Jeff made the quick trip over to Thompson’s modest Ybor City home and saw Thompson pacing out in front of his home, talking on his cell phone. Jeff asked him a few questions for the story he was investigating, which had little to do with Thompson himself. But Thompson immediately got defensive, going off on a 30-minute diatribe accusing Jeff of using yellow journalism tactics.
A veteran investigative reporter for the Times, Jeff knew something was not right about Thompson, and he intended to find out what it was.
Jeff and his investigative team looked into the organization for six months, and he found a number of very odd things:
-The Association wouldn’t disclose where the tens of millions of dollars went.
-The Times couldn’t find any of the 83 people listed as board members and executives on the tax forms filed with the IRS to claim tax-exempt status.
-The Association’s purported headquarters, at 1718 M St., Washington, D.C, was little more than a rented mailbox at a UPS Store.
-Why did the director of a multi-million dollar charity organization live in a dilapidated duplex across from a cigar factory?
Jeff had many questions for the U.S. Navy Vets Association, and there were even more questions about Bobby Thompson himself. But he would learn that the more answers he got, the more questions it would raise.
The Commander Of Nothing
It wasn’t as if Thompson was keeping a low profile. He’s taken pictures with a who’s who of American politics: Sens. John Boehner and John McCain, Rudy Giuliani, Karl Rove, and even former President George W. Bush — twice. They posed in front of the cameras at some of Washington’s most high-profile fundraisers and political events.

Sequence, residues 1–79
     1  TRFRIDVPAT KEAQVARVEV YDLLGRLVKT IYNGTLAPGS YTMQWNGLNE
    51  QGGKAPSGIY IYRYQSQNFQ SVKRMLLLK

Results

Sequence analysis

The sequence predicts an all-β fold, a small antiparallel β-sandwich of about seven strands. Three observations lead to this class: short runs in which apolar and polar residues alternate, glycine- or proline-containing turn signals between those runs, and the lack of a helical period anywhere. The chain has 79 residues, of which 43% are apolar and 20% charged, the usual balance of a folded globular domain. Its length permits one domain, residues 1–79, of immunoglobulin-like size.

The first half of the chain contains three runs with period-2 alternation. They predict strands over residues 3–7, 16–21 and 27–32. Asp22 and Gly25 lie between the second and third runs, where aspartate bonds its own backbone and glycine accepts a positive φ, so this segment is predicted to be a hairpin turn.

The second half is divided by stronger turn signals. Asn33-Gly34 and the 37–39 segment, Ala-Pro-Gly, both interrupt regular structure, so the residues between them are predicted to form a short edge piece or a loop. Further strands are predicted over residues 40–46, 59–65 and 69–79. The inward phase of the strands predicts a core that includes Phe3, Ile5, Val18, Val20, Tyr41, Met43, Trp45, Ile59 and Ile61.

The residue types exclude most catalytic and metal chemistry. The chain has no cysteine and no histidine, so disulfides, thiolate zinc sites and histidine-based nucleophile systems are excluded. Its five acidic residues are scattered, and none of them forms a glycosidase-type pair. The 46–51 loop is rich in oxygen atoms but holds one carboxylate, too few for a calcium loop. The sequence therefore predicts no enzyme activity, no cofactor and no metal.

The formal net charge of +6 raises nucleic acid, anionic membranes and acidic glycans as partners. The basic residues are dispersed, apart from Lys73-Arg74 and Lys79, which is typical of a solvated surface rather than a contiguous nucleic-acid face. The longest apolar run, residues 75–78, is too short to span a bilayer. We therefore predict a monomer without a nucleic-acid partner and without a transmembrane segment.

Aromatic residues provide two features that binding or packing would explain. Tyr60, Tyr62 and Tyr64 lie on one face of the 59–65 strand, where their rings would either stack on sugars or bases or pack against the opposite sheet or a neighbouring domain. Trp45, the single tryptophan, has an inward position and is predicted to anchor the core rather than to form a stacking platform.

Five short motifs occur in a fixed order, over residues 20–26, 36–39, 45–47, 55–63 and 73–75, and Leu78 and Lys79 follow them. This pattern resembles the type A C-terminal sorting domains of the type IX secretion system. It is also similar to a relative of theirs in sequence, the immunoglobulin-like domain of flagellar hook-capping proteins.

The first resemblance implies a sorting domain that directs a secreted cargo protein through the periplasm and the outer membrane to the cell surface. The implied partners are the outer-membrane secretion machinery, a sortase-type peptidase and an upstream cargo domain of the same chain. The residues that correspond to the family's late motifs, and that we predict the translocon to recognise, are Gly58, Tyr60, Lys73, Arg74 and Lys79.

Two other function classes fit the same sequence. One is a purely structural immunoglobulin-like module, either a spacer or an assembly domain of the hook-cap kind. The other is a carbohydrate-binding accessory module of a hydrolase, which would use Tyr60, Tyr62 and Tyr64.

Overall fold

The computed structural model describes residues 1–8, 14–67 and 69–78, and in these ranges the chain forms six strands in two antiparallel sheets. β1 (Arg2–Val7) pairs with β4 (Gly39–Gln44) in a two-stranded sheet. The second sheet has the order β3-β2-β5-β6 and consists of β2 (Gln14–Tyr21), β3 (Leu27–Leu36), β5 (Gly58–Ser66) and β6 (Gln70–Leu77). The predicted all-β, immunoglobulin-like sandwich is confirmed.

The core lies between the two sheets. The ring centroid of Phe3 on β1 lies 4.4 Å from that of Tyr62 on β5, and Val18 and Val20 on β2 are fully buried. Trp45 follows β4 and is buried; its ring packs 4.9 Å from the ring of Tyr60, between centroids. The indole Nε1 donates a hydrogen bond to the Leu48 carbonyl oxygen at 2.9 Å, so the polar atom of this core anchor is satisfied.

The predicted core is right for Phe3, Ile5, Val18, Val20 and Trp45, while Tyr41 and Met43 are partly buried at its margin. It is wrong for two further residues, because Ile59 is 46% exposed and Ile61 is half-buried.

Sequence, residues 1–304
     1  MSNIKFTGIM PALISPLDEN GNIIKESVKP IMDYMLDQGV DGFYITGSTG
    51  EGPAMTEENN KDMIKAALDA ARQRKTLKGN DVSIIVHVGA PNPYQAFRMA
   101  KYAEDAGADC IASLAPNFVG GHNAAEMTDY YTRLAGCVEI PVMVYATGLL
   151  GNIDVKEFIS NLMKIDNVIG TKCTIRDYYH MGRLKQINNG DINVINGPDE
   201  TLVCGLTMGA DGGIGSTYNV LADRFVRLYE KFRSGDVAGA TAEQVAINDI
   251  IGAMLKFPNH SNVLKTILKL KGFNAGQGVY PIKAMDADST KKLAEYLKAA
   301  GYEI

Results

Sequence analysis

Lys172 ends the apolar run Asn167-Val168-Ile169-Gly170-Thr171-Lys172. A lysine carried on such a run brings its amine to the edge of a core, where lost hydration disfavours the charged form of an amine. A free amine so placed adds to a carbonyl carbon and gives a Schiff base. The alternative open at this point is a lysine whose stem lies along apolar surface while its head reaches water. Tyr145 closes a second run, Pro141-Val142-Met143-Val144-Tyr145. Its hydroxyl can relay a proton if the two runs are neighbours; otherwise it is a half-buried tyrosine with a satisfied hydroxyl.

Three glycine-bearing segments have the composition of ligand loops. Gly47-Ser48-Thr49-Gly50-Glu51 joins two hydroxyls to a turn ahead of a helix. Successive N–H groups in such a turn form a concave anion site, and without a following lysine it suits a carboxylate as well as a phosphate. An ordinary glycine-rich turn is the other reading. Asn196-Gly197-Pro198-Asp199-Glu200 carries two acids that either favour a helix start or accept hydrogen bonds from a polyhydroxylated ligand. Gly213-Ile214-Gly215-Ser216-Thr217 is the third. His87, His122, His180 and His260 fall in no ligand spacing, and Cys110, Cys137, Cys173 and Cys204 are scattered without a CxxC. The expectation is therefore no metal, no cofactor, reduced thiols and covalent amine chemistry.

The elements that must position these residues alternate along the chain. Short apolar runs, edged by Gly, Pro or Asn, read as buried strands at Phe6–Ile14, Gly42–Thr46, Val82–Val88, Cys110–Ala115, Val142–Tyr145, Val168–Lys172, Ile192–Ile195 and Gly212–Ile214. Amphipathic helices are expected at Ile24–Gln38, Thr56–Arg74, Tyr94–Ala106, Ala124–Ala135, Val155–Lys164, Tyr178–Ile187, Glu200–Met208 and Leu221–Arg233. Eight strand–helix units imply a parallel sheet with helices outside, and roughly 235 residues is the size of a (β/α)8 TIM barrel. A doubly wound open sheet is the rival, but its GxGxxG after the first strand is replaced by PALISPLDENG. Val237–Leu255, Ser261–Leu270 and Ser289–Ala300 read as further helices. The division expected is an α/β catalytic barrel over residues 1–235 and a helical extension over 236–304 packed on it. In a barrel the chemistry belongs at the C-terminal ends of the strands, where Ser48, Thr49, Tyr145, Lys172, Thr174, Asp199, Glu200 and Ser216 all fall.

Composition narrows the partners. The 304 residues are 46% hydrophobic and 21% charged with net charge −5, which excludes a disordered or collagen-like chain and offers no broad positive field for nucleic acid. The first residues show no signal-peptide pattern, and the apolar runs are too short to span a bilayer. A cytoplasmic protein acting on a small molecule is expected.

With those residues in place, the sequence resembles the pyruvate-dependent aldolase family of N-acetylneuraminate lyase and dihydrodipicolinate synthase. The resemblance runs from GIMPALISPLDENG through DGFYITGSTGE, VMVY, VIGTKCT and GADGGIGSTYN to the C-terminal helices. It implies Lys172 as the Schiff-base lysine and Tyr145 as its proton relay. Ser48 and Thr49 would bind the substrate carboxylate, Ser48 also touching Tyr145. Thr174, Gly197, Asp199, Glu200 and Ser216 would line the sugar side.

Jeff’s investigation also revealed that back in 2000, Thompson began a political action committee called Navy Veterans for Good Government, or NAVPAC. Over the years, NAVPAC contributed hundreds of thousands of dollars, overwhelmingly to Republican Party campaigns.
Shortly after Jeff started asking questions, NAVPAC shut down, donating its remaining funds to the Navy Veterans Association.
As the Times story got out, the IRS and states with USNVA chapters in various states began to take notice, launching their own investigations. Ohio charged Thompson with corruption, theft, and money laundering charges.
But there’s one problem with charging Bobby Thompson with those crimes. The man behind the U.S. Navy Veterans Association is not Bobby Thompson. Authorities say he had stolen that identity and that of another man, Ronnie Brittain.
The man who penetrated the highest levels of government, shook hands with our nation’s top leaders, and allegedly stole millions of dollars in the name of charity, is nothing more than a ghost.
His real name, like his whereabouts, are presently unknown. Anyone with information about this individual or his whereabouts is asked to contact the Ohio Bureau of Criminal Identification and Investigation at (740) 845-2224 or (800) 282-3784.